Director: David F. Sandberg
Produced by: Peter Safran, James Wan
Screenplay: Gary Dauberman
Starring: Stephanie Sigman, Talitha Bateman, Lulu Wilson, Philippa Coulthard, Grace Fulton, Lou Lou Safran, Samara Lee, Tayler Buck, Anthony LaPaglia and Miranda Otto.
Coming out of the cinema whistling, You are my Sunshine, after watching a horror movie may sound sinister, but there was a tongue-in-cheek, wry streak to, Annabelle: Creation.
Set in what looks like the 1930s, Samuel Mullins, a dollmaker (Anthony LaPaglia) and his wife, Esther (Miranda Otto) live an idyllic life in the countryside with their daughter Bee (Samara Lee), short for Annabelle.
Then tragedy strikes and Bee is taken from them.
Years later, time has taken its toll on the dollmaker and his wife, but they decide to make their home into an orphanage where several young girls and Sister Charlotte (Stephanie Sigman) come to live with them, to bring some happiness back into the household.
It only takes one night for the daemonic Being inhabiting a life-sized doll to make its presence known. And slowly, the creation of Annabelle, the possessed, is revealed.
Producers, Peter Safran and James Wan, who brought, The Conjuring series have partnered up once again for, Annabelle: Creation.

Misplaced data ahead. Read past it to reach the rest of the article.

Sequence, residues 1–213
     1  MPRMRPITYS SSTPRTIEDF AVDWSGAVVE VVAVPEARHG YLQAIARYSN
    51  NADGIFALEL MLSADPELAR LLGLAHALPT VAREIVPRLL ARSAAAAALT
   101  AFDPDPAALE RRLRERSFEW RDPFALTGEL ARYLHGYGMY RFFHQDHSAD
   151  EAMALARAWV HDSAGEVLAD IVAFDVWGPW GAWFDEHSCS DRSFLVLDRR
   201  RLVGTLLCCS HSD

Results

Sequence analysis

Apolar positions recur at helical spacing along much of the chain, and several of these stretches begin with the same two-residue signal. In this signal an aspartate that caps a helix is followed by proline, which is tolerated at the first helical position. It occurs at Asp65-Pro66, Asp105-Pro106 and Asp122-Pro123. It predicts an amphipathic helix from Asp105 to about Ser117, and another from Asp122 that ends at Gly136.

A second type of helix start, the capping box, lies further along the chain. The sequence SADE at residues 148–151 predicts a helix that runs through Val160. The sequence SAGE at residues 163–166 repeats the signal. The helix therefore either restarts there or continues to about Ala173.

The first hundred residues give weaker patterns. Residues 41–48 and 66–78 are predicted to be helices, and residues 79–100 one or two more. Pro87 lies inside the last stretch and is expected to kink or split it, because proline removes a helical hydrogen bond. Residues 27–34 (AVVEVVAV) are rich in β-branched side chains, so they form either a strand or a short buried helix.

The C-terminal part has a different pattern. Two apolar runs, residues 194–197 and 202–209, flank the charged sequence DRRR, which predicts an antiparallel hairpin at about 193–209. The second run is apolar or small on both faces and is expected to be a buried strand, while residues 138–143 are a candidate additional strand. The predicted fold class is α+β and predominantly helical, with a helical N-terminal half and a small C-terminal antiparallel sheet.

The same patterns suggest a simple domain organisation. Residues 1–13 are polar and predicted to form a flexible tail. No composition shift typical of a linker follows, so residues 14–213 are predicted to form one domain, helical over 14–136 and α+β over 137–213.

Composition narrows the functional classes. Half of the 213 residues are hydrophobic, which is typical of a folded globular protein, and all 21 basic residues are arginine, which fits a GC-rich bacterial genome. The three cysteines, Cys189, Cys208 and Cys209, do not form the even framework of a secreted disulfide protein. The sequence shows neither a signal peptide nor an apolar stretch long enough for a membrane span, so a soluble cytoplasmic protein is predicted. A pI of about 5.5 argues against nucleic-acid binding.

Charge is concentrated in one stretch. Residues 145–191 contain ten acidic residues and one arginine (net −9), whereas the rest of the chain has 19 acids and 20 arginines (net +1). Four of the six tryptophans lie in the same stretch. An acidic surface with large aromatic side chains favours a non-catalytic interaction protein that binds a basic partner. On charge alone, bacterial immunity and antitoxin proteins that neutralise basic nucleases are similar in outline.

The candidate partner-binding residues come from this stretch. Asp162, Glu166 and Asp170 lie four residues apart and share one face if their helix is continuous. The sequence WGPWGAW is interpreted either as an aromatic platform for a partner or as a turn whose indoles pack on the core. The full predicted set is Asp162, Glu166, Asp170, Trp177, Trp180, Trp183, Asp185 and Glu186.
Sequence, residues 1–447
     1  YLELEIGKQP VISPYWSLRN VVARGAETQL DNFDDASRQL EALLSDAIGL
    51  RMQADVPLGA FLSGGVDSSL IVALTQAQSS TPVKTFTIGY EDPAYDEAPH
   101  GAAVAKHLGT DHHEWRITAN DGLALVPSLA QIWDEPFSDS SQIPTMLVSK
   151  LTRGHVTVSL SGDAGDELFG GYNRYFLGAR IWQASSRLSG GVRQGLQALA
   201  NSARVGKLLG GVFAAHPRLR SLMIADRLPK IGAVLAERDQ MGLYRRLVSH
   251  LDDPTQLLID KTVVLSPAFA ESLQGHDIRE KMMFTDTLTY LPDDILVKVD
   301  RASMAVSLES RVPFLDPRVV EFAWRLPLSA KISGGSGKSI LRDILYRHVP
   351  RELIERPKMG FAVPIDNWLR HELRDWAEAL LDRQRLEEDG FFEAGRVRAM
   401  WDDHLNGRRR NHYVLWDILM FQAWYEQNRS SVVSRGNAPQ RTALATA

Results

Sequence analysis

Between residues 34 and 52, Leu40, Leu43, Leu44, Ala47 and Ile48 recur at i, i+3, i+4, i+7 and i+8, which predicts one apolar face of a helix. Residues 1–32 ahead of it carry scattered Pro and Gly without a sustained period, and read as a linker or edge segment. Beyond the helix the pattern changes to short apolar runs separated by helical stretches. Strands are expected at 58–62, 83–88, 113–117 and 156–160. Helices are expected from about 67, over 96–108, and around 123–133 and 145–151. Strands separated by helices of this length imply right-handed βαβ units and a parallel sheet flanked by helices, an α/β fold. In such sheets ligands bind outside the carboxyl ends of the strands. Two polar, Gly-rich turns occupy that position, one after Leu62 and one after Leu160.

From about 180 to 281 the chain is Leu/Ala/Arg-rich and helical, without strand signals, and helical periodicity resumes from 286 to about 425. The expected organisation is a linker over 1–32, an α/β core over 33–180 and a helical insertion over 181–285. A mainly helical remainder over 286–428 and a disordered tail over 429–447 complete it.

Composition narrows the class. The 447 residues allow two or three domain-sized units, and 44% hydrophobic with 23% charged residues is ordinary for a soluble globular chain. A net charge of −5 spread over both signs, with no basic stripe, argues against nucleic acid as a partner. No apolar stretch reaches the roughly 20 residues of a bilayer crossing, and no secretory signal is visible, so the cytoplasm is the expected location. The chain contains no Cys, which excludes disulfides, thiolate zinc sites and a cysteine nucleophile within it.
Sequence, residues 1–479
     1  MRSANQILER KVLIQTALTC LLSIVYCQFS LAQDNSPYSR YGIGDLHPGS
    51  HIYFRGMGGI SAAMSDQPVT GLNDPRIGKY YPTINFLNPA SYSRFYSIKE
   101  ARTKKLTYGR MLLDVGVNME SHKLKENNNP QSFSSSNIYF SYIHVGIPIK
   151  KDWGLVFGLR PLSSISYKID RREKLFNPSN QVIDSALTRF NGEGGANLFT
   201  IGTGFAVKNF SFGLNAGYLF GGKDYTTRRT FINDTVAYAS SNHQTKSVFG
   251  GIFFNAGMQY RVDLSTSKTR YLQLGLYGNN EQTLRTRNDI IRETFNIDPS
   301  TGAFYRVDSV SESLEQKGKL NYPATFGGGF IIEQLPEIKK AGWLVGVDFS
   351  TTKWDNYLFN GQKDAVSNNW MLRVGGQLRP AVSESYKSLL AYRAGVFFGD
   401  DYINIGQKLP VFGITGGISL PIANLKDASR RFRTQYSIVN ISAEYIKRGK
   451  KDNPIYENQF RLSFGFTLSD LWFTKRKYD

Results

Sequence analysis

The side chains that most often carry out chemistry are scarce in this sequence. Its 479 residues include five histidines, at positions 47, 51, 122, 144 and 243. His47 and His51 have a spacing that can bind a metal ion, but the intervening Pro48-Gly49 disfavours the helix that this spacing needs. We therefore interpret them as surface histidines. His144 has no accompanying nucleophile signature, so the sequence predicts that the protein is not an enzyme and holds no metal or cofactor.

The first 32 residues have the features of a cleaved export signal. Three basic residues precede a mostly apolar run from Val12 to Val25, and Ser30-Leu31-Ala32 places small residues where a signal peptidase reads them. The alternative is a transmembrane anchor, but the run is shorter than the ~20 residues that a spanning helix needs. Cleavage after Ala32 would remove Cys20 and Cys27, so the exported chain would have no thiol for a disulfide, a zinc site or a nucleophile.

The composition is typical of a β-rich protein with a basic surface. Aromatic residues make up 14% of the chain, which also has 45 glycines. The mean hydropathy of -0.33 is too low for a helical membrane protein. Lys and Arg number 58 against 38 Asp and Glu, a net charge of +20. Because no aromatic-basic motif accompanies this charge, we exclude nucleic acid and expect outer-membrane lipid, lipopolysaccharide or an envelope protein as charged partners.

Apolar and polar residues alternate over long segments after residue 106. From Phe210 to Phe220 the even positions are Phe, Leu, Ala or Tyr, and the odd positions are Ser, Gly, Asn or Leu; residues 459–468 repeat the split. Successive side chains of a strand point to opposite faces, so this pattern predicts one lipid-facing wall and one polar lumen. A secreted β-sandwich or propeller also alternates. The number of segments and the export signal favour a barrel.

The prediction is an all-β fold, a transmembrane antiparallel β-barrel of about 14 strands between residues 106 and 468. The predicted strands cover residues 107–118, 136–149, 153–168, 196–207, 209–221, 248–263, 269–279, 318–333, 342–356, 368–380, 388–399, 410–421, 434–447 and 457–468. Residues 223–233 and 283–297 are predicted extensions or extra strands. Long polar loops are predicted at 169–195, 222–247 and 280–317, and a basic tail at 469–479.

Directing is David F. Sandberg (Lights Out (2016)) from a screenplay written by Gary Dauberman who also wrote the first, Annabelle.
Happily, for fans of, The Conjuring, there are threads tying pieces of the films together and the linking of, Creation to the original, Annabelle is seamless.
New to the franchise is the cast with, Anthony LaPaglia as the foreboding husband and, Miranda Otto as the wife.
I can’t decide whether I like Lulu Wilson as Linda who also had a starring role in the recent, Ouija: Origin of Evil (2016). I liked her better here, with direction highlighting her, too-good-it’s-creepy personality adding to that wry flavour.
There’s a fine line between comedy and horror. You don’t want the audience laughing at the movie, you want the audience to laugh with the movie and at some points of the film, particularly with Linda on scene, it was a close call.
But as the film progressed and the ramping of tension increased with Sandberg once again making use of light and darkness and classic devices such as super-freaky scarecrows and sheets over the, ‘not there’, I was happy for a bit of comic relief from young Linda.
But I have to admit I wanted the film to be scarier.
I felt there was a lighter touch here, compared to say, the recent, The Conjuring 2 (2016) (which I gave 4.5/5) as there wasn’t enough reason for the daemonic Being inhabiting the doll to attack some and not others.
Strengthening the backstory would have added so much more.
Sure, keep the mystery but showing more would have added to the fear – it can’t be just because one person is more physically weak than the others, right?
Not the super-scare factor I was hoping for, but there were a few jumps and tense moments with effective use of the soundtrack; and linking to the original, Annabelle and, The Conjuring series will satisfy fans.